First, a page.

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What is a Contested Divorce?


So, you and your spouse are calling it quits, and you’re anxiously wondering what your divorce case is going to look like. The first step in creating a game plan is understanding your options, and whether you will have a contested or an uncontested divorce is probably the most important factor in determining what kind of experience you will have.

You may have heard that the contested divorce process takes longer and is more expensive than the uncontested divorce process, and for that reason, uncontested divorce is something to strive for if possible. However, in a high-conflict breakup, your circumstances might dictate a different direction.

Let’s break down the difference between the two, and maybe you’ll be able to figure out which direction you and your spouse are headed, before the divorce complaint is filed.

What Is a Contested Divorce?

In short, a contested divorce is what takes place when a divorcing couple is not in agreement about things like child support, child custody, alimony, and the division of marital assets. A contested divorce may or may not include an allegation of fault on the part of one spouse in states that offer fault divorce.

While you and your ex will most likely each have to hire a divorce lawyer in the event of a contested divorce case, that does not necessarily mean that your contested case will conclude with an actual divorce trial. Even though many couples start out with major disagreements, approximately 95% of divorces are ultimately settled out of court. An experienced divorce attorney can serve as an expert negotiator and will share your goal of avoiding undue cost and frustration.

What Is an Uncontested Divorce?

In an uncontested divorce, both parties already agree on the terms of their marital settlement agreement when the divorce action commences.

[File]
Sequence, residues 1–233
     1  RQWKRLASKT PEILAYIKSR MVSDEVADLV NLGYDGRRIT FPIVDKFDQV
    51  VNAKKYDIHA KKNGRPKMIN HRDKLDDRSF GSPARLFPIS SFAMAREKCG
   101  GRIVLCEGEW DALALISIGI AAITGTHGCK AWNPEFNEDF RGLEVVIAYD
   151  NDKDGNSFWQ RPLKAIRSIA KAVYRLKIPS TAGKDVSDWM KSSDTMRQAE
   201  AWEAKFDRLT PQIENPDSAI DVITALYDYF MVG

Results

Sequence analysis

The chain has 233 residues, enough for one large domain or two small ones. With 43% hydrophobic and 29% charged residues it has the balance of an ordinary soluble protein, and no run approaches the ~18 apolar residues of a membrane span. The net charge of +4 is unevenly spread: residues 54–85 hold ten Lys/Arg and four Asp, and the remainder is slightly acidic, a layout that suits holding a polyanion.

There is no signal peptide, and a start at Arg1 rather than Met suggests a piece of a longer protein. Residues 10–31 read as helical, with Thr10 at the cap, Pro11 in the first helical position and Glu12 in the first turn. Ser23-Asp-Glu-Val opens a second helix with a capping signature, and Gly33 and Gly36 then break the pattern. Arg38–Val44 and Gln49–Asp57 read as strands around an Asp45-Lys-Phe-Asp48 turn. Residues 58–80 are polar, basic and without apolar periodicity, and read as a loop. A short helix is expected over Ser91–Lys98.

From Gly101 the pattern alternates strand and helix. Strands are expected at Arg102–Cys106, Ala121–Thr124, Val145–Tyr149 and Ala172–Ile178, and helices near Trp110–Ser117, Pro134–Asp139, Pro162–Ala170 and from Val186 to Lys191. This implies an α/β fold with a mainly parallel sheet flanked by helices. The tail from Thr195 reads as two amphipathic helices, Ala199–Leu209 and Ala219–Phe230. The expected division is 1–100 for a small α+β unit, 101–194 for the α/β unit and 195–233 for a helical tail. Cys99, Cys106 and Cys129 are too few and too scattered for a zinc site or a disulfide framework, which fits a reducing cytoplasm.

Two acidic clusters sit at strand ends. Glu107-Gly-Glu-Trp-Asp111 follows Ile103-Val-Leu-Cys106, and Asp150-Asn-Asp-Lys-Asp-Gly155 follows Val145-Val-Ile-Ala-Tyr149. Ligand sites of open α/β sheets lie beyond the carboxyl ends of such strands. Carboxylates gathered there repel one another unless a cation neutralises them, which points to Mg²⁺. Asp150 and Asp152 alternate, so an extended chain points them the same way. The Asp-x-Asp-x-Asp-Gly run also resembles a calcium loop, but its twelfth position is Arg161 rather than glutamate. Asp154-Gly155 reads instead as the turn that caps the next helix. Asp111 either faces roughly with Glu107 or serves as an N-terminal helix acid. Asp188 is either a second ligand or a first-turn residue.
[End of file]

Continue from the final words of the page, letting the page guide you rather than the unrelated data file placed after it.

In an uncontested case, neither you nor your spouse will need to hire an attorney, but if you do have a few questions, you will not have too much trouble finding a family law firm willing to give you some a la carte legal advice billed at their hourly rate.

In most states, you can get through all of the uncontested divorce proceedings, from filing the divorce petition to obtaining a divorce decree, without even setting foot in court. If you end your marriage with the help of It’s Over Easy, you won’t even have to fill out the divorce papers yourself.

The Contested Divorce Process

Since a contested divorce is generally much more complicated than the alternative, we thought a step-by-step guide would be helpful. Every contested divorce is unique as the marriage that led up to it, so you’ll want to speak to an actual attorney in order to get the lay of the land for your specific case. In the meantime, however, you can familiarize yourself with the general trajectory.

Step One: Identify Areas of Disagreement

The first step in your contested divorce occurs before you ever step into a law office, let alone a court. Consider this preparation for your first conversation with a prospective lawyer.